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Acta Physiol Scand. 1981 Feb;111(2):135-40.

Prestretch potentiation of human skeletal muscle during ballistic movement.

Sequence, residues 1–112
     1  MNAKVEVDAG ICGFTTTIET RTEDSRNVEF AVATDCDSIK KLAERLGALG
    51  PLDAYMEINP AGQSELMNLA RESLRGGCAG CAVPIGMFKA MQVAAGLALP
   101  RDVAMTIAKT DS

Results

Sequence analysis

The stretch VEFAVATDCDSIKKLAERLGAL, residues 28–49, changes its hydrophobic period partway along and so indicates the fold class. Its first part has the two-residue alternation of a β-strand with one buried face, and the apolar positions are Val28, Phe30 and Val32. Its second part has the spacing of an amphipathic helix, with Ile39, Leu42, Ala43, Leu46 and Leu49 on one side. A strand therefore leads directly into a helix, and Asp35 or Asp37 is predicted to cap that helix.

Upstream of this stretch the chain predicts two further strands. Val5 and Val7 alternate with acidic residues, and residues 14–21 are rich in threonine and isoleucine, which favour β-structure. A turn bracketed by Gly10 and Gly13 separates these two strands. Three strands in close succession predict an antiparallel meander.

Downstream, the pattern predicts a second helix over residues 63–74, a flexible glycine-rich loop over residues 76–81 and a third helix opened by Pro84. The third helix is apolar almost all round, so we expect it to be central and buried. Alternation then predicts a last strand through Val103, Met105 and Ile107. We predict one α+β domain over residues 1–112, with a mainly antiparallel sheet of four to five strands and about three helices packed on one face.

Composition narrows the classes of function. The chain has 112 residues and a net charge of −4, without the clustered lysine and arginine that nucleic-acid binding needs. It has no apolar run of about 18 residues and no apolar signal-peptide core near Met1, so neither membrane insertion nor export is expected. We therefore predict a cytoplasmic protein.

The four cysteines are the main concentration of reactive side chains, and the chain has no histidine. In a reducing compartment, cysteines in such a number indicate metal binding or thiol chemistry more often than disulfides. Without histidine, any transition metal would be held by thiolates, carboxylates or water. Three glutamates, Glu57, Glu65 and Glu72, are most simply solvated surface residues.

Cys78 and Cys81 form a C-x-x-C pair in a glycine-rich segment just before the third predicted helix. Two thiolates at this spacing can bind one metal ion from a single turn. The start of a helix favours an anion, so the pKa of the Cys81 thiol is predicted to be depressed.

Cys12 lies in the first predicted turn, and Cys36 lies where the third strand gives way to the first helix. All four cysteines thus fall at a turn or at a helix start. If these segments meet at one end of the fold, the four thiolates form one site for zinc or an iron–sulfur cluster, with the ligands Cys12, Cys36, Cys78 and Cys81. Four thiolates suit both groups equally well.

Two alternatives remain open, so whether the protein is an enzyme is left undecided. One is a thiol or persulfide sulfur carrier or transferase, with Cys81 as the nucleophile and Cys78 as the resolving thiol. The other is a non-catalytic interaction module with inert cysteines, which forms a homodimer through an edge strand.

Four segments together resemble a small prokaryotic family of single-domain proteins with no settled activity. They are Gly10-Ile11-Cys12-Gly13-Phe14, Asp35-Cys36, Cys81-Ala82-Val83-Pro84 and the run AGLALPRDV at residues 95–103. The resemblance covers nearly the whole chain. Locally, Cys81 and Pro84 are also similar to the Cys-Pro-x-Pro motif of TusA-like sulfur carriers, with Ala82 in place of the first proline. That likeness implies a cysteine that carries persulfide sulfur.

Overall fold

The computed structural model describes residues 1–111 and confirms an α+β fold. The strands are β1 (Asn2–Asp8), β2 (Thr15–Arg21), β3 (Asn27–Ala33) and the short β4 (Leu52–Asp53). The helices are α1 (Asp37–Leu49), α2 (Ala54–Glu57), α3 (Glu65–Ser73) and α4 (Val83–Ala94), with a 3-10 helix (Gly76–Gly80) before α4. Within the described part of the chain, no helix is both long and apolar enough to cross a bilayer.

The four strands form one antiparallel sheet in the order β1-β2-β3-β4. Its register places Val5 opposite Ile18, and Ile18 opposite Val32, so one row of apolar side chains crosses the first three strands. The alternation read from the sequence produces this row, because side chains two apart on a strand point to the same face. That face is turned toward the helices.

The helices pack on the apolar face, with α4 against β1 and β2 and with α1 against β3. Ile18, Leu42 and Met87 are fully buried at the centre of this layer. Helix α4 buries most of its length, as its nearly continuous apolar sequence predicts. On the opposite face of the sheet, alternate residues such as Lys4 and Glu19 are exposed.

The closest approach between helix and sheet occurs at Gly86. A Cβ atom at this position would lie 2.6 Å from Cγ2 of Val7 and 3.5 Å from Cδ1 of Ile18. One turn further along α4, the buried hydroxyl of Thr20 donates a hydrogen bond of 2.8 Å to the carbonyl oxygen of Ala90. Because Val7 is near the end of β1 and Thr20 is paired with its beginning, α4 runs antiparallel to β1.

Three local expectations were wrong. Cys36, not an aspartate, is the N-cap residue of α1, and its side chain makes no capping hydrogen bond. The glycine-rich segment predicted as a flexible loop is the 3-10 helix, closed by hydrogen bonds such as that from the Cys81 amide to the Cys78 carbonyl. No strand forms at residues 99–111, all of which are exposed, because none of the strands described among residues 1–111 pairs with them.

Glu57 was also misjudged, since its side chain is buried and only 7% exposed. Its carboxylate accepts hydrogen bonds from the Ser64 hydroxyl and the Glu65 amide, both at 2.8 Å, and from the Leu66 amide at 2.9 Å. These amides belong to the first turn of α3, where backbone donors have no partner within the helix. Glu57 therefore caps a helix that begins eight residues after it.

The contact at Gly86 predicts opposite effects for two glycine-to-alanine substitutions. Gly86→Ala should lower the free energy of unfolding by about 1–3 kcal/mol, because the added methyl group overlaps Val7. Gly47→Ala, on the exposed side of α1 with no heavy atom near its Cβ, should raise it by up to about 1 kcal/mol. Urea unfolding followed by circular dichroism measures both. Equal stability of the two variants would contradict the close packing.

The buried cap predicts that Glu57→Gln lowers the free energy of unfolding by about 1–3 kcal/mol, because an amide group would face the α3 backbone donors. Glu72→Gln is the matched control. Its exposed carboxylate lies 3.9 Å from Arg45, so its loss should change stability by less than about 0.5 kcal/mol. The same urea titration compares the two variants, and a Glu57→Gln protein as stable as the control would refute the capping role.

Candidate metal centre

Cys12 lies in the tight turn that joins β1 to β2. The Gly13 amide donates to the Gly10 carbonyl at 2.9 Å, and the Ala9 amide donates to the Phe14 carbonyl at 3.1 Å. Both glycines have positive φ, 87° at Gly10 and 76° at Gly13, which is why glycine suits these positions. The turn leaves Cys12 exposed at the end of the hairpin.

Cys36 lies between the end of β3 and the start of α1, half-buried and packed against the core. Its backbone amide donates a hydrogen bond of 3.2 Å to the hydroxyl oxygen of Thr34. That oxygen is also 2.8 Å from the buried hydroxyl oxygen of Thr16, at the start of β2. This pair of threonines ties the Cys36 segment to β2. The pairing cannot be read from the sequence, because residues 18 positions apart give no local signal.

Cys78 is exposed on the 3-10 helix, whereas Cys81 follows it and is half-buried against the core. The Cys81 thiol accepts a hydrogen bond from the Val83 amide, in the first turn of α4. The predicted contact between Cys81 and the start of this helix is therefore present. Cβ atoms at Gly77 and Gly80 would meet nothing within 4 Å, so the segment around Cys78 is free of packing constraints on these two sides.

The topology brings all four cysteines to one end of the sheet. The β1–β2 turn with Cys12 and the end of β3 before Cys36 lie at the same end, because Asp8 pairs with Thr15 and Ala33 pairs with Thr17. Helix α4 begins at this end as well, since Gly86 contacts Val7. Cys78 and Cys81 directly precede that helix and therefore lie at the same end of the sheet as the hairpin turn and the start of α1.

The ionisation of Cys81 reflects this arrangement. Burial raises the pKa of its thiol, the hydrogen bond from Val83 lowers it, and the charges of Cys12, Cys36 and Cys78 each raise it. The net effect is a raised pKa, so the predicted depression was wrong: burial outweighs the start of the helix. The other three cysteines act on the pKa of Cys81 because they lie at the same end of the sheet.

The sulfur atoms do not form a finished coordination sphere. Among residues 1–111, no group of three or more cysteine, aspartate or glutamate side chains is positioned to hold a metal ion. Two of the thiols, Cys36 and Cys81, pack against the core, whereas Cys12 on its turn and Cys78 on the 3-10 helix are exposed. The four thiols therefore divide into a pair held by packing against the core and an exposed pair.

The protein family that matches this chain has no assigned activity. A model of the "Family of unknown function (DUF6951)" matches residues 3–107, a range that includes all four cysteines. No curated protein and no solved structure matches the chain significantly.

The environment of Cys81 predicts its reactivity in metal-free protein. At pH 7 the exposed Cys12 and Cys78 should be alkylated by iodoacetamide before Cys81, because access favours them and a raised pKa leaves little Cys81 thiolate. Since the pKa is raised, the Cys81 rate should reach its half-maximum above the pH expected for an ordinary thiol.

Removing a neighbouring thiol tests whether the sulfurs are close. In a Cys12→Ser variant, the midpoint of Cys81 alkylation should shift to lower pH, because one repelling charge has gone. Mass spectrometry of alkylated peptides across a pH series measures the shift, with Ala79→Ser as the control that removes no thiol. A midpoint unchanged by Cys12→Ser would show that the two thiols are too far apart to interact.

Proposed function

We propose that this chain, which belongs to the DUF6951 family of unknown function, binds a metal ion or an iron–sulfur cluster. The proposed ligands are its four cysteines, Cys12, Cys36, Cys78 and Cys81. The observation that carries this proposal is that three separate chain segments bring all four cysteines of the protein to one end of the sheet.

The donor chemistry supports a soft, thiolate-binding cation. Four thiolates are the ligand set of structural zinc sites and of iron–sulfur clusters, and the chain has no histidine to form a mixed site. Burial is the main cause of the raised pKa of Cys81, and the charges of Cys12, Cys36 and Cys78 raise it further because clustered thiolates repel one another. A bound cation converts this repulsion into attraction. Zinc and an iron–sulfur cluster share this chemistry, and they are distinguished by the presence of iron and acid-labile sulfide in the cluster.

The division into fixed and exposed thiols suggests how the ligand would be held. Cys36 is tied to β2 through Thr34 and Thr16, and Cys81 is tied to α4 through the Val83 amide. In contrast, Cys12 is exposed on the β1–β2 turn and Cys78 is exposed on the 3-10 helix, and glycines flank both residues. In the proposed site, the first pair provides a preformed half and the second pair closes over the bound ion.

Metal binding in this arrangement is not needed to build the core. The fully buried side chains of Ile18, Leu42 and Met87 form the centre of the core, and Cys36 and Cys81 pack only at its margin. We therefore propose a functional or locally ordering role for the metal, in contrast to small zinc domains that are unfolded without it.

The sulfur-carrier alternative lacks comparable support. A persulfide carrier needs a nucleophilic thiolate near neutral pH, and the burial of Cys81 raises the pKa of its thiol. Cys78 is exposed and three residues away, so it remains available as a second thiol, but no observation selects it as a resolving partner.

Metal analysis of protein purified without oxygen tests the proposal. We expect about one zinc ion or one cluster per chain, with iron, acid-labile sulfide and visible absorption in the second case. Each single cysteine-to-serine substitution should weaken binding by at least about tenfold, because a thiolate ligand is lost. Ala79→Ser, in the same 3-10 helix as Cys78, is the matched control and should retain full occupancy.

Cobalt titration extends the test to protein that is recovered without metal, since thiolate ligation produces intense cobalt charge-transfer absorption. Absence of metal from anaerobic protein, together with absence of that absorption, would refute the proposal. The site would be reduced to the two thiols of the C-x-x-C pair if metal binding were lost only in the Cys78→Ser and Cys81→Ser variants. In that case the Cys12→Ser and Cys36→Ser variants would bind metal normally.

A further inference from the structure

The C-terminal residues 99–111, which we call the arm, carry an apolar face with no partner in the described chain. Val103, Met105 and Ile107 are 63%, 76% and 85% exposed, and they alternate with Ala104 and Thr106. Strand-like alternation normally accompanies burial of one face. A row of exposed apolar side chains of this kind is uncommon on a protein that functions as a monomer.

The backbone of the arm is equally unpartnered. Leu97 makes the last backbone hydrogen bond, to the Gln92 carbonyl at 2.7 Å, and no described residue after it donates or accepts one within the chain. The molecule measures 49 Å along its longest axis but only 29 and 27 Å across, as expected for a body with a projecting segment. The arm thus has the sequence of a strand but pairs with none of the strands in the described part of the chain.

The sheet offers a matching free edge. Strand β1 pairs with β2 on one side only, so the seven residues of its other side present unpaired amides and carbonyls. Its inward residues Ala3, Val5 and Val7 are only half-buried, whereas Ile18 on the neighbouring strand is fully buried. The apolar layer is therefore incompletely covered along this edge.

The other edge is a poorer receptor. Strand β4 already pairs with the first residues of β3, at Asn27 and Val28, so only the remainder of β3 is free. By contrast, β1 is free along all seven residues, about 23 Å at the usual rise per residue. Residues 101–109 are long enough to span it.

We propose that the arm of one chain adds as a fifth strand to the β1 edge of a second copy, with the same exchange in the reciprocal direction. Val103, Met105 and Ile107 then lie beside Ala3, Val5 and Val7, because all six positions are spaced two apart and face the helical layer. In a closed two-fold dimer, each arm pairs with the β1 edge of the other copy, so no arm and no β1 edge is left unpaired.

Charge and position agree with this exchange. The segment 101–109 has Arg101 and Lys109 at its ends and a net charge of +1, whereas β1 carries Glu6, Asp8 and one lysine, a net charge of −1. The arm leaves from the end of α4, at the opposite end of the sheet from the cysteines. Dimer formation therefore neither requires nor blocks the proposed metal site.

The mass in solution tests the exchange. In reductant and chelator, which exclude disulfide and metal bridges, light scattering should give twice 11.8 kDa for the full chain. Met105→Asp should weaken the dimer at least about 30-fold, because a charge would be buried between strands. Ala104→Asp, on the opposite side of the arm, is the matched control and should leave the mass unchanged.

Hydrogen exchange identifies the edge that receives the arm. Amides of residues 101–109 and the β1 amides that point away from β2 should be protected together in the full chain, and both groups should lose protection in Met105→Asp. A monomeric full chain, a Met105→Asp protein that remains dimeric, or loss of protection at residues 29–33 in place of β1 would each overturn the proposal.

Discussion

The conditions associated prior to and during the transition from prestretch to shortening may have considerable influence on the final performance of muscle. In the present study male subjects of good physical condition performed vertical jumps on the force-platform with and without preliminary counter movement. In the counter movement jump (CMJ) the amplitude of the knee bending, velocity of the prestretch and the force attained at end of prestretch were the primary parameters of interest. In addition the coupling time indicating the transition from the eccentric (prestretch) phase to the concentric phase was recorded from the angular displacement and reaction force curves. In the final calculation the mechanical performance parameters of CMJ were always compared with those of the jumps performed without counter movement. The results indicated in general first that CMJ enhanced the average concentric force and average mechanical power by 423 N (66%) and 1158 W (81%), respectively. This potentiation effect was the higher the higher was the force at end of prestretch (p less than 0.001). Similarly, the prestretch speed (p less than 0.001) and short coupling time (p less than 0.01) were associated with enhanced performance during the concentric phase. The average coupling time was 23 ms. The results are interpreted through changes in the prestretch conditions to modify the acto-myosin cross-bridge formation so that the storage and utilization of elastic energy is associated with high prestretch speed, high eccentric force and short coupling time. The role of the reflex potentiation is also suggested as additional enhancement of the final performance.

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